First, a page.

Gavin Mortimer Gavin Mortimer

France is fracturing but Macron remains in denial | 17 October 2018

As chalices go, few are as poisoned as the one Emmanuel Macron has just handed Christophe Castaner. Minister of the interior is one of the most challenging posts in government. The former Socialist MP has cultivated an image over the years of a political tough guy, in contrast to his predecessor, the diminutive Gérard Collomb. But what passes for tough in the National Assembly won’t intimidate the tough guys in France’s inner cities.

During his eighteen months in the post, Collomb was a diligent minister, but in the end the 71-year-old was worn down by the enormity of his task. He parted with a message that should cause his successor a few sleepless nights. 

Explaining that he had toured the inner cities of Marseille, Toulouse and Paris, Collomb said:

“The situation is very difficult and the phrase ‘Reconquering the Republic” is apt because in these districts it’s the law of the strongest that reigns, that of the drug dealers and radical Islamists, which has supplanted the Republic.”

He ended his farewell by expressing his anxiety that if something is not done today then tomorrow France will be faced with “immense problems”. He elaborated on what those problems will be in one of his last interviews, with the weekly magazine L’Express. Asked if he shared the fear of the head of France’s equivalent of MI5 that a civil war was a real risk, Collomb said:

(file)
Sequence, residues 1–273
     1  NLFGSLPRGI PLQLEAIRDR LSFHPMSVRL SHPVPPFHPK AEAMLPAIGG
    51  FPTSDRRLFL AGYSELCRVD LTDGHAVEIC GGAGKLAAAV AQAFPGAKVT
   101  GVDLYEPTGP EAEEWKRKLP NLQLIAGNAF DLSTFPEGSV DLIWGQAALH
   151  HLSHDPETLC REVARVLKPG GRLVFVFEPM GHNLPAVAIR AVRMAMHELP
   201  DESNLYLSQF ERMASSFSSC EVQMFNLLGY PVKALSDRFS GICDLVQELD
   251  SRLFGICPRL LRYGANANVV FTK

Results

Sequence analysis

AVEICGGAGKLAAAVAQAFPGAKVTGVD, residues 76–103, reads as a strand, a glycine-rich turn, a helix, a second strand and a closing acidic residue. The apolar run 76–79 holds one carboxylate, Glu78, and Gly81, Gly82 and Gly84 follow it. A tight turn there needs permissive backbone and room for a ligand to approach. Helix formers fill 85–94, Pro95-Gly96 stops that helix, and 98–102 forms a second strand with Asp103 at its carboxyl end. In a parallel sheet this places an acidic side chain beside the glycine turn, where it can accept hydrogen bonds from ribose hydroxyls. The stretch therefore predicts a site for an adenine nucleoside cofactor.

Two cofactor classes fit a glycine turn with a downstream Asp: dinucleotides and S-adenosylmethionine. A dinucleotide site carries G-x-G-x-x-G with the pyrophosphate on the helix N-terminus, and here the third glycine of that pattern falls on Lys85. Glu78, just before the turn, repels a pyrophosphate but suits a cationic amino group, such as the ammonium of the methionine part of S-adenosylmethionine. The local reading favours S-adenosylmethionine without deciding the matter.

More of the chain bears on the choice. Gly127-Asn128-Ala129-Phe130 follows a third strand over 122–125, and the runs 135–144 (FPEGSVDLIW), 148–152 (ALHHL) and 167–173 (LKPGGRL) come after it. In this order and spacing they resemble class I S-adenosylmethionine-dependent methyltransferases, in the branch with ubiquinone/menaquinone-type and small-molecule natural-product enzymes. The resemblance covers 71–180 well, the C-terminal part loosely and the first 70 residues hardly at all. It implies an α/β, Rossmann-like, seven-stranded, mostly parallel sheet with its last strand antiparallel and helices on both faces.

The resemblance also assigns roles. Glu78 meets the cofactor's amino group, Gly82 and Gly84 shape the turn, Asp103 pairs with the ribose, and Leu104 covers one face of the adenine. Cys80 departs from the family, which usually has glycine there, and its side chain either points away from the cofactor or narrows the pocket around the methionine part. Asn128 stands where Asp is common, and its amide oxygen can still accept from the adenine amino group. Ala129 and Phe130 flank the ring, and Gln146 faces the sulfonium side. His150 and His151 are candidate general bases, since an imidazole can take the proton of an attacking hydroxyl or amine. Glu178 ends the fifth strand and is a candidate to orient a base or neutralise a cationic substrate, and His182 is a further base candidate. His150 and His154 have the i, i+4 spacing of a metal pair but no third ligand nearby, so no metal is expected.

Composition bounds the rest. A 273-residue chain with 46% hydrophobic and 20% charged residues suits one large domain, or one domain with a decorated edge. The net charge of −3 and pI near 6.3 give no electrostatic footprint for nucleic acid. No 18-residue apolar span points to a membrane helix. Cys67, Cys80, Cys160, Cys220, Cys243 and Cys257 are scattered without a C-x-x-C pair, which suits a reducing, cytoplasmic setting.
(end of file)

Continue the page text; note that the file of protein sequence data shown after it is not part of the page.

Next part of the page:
“You always have that risk…it’s not a fantasy, even if I don’t like using the term ‘civil war’.”

The tragedy is that this isn’t a new warning. France was alerted to what Collomb describes as the ‘ghettoïsation‘ of France in 2002 with the publication of the book, ‘The Lost Territories of the Republic: anti-Semitism, racism and sexism in schools’. One of its editors was Barbara Lefebvre who, instead of being acclaimed for her honest investigation, was branded an Islamophobe for daring to speak the unspeakable.

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